What did Jesus teach about the need to help the suffering? His most dramatic words on this are highlighted in his Parable of the Sheep and the Goats in Matthew 25:31-45:

When the Son of Man comes in his glory, and all the angels with him, he will sit on his glorious throne. All the nations will be gathered before him, and he will separate the people one from another as a shepherd separates the sheep from the goats. He will put the sheep on his right and the goats on his left.

Then the King will say to those on his right, “Come, you who are blessed by my Father; take your inheritance, the kingdom prepared for you since the creation of the world. For I was hungry and you gave me something to eat, I was thirsty and you gave me something to drink, I was a stranger and you invited me in, I needed clothes and you clothed me, I was sick and you looked after me, I was in prison and you came to visit me.”

Then the righteous will answer him, “Lord, when did we see you hungry and feed you, or thirsty and give you something to drink? When did we see you a stranger and invite you in, or needing clothes and clothe you? When did we see you sick or in prison and go to visit you?”

The King will reply, “Truly I tell you, whatever you did for one of the least of these brothers and sisters of mine, you did for me.”

Then he will say to those on his left, “Depart from me, you who are cursed, into the eternal fire prepared for the devil and his angels. For I was hungry and you gave me nothing to eat, I was thirsty and you gave me nothing to drink, I was a stranger and you did not invite me in, I needed clothes and you did not clothe me, I was sick and in prison and you did not look after me.”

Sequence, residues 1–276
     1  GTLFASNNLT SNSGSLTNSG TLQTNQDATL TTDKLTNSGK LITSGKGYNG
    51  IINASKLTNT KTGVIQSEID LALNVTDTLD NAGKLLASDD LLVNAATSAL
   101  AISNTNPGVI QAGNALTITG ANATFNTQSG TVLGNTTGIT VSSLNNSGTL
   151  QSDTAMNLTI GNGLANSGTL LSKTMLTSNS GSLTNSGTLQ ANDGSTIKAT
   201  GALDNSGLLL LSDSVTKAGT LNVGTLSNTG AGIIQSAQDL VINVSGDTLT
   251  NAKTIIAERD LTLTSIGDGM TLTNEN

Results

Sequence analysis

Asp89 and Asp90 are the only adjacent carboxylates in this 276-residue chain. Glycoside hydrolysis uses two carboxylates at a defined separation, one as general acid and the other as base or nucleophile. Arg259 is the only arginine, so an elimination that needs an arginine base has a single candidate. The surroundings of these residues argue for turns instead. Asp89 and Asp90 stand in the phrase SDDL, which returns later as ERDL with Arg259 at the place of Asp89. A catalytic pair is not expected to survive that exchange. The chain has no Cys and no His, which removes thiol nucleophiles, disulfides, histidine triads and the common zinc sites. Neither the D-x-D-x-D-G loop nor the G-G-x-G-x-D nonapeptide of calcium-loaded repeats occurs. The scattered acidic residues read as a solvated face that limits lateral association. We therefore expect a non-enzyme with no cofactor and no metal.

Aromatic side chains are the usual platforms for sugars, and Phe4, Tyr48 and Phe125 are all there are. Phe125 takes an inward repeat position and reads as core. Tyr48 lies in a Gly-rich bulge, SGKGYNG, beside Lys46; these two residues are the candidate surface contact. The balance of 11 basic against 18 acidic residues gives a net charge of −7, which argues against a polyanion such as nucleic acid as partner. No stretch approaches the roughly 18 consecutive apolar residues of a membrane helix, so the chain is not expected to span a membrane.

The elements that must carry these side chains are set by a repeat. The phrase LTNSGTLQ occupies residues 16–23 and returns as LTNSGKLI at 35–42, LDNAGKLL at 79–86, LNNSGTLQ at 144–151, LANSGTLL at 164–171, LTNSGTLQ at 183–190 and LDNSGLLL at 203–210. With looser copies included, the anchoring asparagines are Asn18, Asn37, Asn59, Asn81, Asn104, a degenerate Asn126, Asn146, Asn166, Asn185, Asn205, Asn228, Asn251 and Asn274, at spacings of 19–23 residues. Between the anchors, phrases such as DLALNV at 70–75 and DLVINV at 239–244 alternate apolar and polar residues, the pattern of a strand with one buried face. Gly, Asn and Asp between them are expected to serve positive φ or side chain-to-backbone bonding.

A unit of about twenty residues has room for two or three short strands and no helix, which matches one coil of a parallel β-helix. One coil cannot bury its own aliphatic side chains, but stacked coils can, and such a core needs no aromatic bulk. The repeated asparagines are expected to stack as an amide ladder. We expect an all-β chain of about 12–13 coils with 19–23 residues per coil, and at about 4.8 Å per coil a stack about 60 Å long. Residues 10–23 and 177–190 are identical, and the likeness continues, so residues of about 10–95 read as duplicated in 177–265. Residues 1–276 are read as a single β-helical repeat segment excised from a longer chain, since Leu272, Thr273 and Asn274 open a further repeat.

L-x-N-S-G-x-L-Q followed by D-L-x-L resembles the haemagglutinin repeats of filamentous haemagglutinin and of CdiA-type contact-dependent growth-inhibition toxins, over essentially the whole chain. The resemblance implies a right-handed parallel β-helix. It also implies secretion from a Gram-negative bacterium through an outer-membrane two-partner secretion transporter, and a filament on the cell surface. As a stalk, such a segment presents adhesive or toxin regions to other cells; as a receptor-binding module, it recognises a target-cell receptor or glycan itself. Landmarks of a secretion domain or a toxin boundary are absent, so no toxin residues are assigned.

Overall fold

They also will answer, “Lord, when did we see you hungry or thirsty or a stranger or needing clothes or sick or in prison, and did not help you?”

He will reply, “Truly I tell you, whatever you did not do for one of the least of these, you did not do for me.” (NIV)

These are heavy, dramatic words. And yet they strongly emphasize the importance of helping the suffering in substantive ways, and not just of empathizing with them and wishing them well.

In reality Christians are often lacking in compassionate thoughts or deeds. And yet throughout history the church has spearheaded efforts to tangibly help the needy, the injured and the sick and to establish and maintain educational institutions that teach practical skills as well as spiritual values. The history of Buddhism has a different flavor, as well as one might expect, given its emphasis on focusing within.

Jesus taught, “Greater love has no one than this: to lay down one’s life for one’s friends.” (John 15:13, NIV) He was a model servant to others, as exemplified by His humbly washing the feet of His disciples (John 13:3-5). As the Parable of the Sheep and the Goats emphasizes, real compassion includes providing drink to the thirsty, food to the hungry, clothing to those in rags and medical assistance to the sick. Without these, however deep one’s feelings of compassion are, they have little substance.